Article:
Automated/smart carpooling services: Lyft Line, uberPOOL, Scoop and Waze
Carsharing: Gig Car Share and Getaround both operate in Alameda and provide car rental options for short periods. Another option is Turo.
Smart phone apps can help you navigate getting around, no matter what mode you use.
Bike & Scooter Share: The City does not currently have a bike or scooter share program, but will be working to bring both to Alameda. In the past, there was an Alameda Bikeshare Program.
Find your way around using the Bicycle and Walking Map of Alameda map published by Bike Walk Alameda.
For any employee working in Alameda County, the Guaranteed Ride Home (GRH) program will pay for a free ride home for those who use transit, walking, bicycling, carpooling or vanpooling to get to work, in the event of unexpected circumstances such as illness, family crisis or unscheduled overtime. Pre-registration with the program is required.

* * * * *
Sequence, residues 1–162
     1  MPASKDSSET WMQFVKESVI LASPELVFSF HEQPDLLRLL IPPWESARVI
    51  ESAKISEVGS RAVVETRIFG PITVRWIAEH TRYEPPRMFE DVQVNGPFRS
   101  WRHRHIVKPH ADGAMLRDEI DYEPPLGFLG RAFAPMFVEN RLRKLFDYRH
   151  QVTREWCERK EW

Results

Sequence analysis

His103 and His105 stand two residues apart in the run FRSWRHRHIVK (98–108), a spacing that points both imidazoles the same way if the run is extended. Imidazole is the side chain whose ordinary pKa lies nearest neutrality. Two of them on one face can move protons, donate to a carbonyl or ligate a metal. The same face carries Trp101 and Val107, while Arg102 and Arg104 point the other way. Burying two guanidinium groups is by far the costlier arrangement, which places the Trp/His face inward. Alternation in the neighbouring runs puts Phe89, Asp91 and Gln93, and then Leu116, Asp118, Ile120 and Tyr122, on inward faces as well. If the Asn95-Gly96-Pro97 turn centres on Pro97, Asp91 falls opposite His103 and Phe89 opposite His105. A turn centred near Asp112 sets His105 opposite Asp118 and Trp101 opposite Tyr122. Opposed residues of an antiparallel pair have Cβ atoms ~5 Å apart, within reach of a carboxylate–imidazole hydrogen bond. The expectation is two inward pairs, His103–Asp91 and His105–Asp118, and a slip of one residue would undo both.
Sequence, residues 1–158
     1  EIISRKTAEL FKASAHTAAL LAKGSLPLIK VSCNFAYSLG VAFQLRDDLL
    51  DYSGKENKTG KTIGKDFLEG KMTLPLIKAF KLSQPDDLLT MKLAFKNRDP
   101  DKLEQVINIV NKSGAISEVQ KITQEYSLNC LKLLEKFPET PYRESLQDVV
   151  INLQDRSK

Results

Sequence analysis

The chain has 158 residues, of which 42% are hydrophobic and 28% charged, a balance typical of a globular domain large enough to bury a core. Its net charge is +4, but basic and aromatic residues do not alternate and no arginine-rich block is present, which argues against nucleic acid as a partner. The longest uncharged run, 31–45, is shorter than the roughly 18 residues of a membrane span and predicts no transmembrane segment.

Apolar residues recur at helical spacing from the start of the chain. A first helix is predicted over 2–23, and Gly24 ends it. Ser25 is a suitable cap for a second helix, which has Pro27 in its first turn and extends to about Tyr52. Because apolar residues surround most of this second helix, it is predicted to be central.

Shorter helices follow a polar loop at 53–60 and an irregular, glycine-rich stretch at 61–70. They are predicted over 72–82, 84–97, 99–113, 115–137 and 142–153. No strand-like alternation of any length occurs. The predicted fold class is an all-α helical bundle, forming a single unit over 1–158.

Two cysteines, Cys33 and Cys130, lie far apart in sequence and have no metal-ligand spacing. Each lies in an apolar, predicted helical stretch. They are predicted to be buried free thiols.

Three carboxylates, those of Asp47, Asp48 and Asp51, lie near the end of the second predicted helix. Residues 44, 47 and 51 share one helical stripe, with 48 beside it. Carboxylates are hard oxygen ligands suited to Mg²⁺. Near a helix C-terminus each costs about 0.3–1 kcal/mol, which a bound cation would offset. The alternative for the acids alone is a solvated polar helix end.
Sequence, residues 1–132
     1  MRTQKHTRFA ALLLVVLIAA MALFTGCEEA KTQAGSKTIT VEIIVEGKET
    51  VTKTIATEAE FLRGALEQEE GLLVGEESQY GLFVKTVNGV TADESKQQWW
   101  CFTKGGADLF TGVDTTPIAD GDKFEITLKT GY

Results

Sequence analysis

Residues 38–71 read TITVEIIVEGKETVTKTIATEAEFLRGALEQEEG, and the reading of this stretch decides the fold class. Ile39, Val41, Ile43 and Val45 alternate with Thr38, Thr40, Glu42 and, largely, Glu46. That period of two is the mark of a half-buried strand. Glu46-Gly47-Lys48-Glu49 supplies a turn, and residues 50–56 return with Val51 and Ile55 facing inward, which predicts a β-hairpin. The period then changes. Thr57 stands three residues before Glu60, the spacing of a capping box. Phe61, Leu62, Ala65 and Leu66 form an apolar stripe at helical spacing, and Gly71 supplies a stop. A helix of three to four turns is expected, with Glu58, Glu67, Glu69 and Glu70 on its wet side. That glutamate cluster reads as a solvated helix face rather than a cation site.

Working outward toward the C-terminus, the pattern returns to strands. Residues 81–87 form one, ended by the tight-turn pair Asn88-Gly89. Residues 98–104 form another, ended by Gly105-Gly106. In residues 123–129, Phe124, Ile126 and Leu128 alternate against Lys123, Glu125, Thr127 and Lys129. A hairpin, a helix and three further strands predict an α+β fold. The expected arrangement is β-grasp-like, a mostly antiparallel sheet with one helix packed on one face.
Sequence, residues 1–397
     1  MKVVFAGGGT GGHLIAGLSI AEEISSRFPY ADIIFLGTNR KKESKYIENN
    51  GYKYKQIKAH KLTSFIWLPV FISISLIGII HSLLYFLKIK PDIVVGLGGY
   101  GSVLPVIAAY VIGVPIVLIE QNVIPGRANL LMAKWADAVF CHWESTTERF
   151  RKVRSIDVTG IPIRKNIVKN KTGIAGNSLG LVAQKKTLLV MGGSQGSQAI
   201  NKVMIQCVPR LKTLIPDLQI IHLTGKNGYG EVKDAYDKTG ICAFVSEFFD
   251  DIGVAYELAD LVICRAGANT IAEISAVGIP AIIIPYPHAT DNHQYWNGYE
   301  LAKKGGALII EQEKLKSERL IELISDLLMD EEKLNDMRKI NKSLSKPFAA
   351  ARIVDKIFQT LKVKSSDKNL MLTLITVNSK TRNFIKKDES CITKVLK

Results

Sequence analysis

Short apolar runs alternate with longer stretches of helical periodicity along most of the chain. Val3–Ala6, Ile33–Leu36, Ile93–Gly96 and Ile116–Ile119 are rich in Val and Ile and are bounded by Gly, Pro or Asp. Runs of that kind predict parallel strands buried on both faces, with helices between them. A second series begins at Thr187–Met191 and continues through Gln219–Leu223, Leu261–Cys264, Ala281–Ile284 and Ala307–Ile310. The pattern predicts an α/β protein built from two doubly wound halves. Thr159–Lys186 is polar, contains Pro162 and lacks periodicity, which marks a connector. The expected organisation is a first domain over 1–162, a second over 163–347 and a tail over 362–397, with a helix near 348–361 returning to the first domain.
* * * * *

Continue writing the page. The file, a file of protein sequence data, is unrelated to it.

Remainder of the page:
Learn about off-street parking for visitors and regular users here.
There are six drawbridges over the Oakland-Alameda Estuary, used to get to and from Alameda. Each bridge has its own rules for when and how they're opened. Find out more here.
Alameda is striving for a cleaner, zero-greenhouse gas emission future. Alameda Municipal Power (AMP), the city-owned electric utility, has programs to encourage and incentivize electric vehicle use. And, the City is making it easier for community members and businesses to install EV chargers.